FOOTNOTE: The owner of Tucks Farm, Louise Hastings, was a mad old lawyer. Her and her husband used to have screaming arguments on a regular basis while I was there. While I was researching the details of this entry, I came across this story from the Express newspaper.

https://www.express.co.uk/news/uk/7331/Evicted-by-granny

28/9/90

I drove Betty down to Wilton where she was taking a party through Wilton House, the family seat of the Earl of Pembroke. She has worked as a tour guide at Wilton for many years.

The tour lasted about an hour and the old house has a veritable treasure trove of paintings, antiques and memorabilia from its 400 year history. The most striking parts of the house are the Cube Room and the Double Cube Room. The Cube Room is exactly 30 feet wide and high, ornately decorated and with a large painting of Icarus on the ceiling. The Double Cube Room is 60 feet long and 30 feet high, also elaborately decorated with swags of fruit, flowers and foliage gilded in different shades of gold. 

The room remains the same today as when it was completed in 1653 and the walls are covered by large paintings of the Herbert family by van Dyck including a small portrait of the ill-fated King Charles I.1 

When the tour was finished we went for a walk in the gardens then I had a quick look at the elaborate model railway in one of the buildings. On the way back to Corton we stopped to take Betty’s dog, Brum, for a walk and carried on back to Corton. In the evening I went up to the Dove for a beer.

1 Avid readers of this blog will remember that my ancestor, John Blakiston, was one of the signatories of the Death Warrant of King Charles.

25/7/90

I left Grove House at about 9:00 and began hitching towards Warminster. I walked the first 3 miles to the town of Wootton Bassett¹

Just outside the village I got a ride to Calne and after lunch (three packets of chips and a couple of fruit juices) I hitched on to Melksham. Finally a truckie gave me a lift to Warminster and I rang Ann [my relation, Lady Ann Blakiston]  and she came and picked me up. 

After I had settled in at her cottage in the village of Corton, she took me around to a dairy farm run by twin brothers Richard and Robin Witt and I arranged to work for them at hay-carting for tomorrow.

¹Now known as Royal Wootton Bassett for a fascinating reason. During the Gulf Wars of the early 2000s, military personnel killed in the fighting were brought back to England via the nearby RAF Lineham air base. As the coffins were driven through Wootton Bassett, the town’s residents would line the streets in salute. Read more about it here:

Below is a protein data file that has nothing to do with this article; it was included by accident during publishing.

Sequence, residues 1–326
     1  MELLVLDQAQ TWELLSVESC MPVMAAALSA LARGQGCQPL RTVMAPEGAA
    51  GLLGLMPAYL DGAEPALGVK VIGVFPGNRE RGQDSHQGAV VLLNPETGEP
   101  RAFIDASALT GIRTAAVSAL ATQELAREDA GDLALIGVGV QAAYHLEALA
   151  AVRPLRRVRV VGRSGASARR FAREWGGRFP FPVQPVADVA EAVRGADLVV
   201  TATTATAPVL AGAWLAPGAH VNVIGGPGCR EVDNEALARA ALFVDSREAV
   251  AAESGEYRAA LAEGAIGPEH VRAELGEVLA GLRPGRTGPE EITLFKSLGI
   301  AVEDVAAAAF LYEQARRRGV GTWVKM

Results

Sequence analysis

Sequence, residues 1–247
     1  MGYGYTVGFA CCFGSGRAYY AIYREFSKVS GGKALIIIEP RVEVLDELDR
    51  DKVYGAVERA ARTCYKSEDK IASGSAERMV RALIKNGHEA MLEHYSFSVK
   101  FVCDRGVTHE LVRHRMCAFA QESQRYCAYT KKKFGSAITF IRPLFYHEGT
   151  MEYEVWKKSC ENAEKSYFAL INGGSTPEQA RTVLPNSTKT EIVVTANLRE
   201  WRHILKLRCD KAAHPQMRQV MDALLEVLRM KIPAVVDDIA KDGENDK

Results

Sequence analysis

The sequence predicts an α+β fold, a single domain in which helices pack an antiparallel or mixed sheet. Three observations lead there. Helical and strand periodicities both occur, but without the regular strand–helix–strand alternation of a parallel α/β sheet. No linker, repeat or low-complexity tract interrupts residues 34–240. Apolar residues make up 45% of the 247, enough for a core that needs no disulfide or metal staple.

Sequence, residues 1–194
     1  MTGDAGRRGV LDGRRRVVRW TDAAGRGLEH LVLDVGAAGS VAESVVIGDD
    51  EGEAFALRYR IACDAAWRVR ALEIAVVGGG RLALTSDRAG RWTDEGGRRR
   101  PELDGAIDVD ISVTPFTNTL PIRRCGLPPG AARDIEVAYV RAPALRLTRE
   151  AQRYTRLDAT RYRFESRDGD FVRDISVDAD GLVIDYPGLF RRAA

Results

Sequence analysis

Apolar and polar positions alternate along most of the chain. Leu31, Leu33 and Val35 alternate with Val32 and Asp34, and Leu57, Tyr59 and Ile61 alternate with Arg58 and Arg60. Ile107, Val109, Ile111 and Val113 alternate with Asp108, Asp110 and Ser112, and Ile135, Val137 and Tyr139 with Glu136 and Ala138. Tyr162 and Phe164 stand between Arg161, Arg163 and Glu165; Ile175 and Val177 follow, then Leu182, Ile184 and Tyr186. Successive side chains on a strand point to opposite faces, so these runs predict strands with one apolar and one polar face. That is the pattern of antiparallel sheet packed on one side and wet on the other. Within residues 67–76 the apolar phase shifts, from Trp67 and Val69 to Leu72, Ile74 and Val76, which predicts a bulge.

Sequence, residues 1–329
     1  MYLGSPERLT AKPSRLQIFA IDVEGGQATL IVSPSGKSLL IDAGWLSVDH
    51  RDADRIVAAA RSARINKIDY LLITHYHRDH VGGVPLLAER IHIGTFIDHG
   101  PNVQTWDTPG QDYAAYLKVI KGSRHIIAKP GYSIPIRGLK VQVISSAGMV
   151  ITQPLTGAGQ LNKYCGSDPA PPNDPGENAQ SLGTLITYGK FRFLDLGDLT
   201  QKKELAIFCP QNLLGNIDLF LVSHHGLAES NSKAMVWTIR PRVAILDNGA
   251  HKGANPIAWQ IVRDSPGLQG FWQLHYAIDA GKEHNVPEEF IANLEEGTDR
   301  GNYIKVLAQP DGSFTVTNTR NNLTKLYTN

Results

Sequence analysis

https://en.wikipedia.org/wiki/Royal_Wootton_Bassett

22/7/90

Around mid-morning I took young Matthew Blakiston into the Swindon Hospital to see John. We stayed there for an hour or so then went back out to Grove House where I made a start on pulling down an old, disused shed. 

After lunch I finished the job and cleaned up then had a beer and a snooze for the rest of the afternoon. I went back in to see John in the evening and later, after tea, shot 2 rabbits out in the field behind the house with John’s shotgun.

21/7/90

GOING AWAY We got out of the youth hostel at 7:00 and drove into town. We said goodby there and then, in the car park, not wanting to drag it out, and I drove away. I drove away from my Linda! My thoughts were occupied with the task of getting out of Exeter and onto the A303 main road but as soon as I was clear of the city and settled into the driving the empty space inside began to grow and by the time I reached London I was feeling lonely and unsure.¹

I dropped the car off at the AA, rang Louie² and arranged to meet her at Waterloo Station so I could give her the tent that we had borrowed from one of the regulars at the Red Lion. I went across town on the Underground and lay on the grass in Jubilee Gardens [behind Waterloo Station] for 2 hours. When she turned up, with a friend of hers called Kerry, we had a beer in a nearby pub then they left me to go back to work. I was now alone in London and unsure what to do next.

So, I caught a train out to Reading and rang Sally Blakiston.³ She told me that John was in hospital with a damaged neck (he’d fallen off a horse) but she implored me to come and stay so I hitched a ride from Reading to Swindon and with the sun long gone down I began the four mile walk out to Lydiard Millicent [the village where John, Sally and their 3 children lived]. I got there just after 11 and Sally made me welcome with a cup of tea and a sandwich then produced a camp bed for me to sleep on as the rest of Grove House was full.

After a shower I lay in bed and although the gap left by Linda was still painful, it felt good to once again be among people that I knew cared about me after only 12 hours.   

¹This was the first time Linda and I had been apart since we had left home in September 1988. She and her parents were going to Ireland; I was going to try and earn some money carting hay on farms in Wiltshire. Our plan was to rendezvous in Scotland three weeks later.

²Our friend and former workmate from the Red Lion.

³My cousin John’s wife.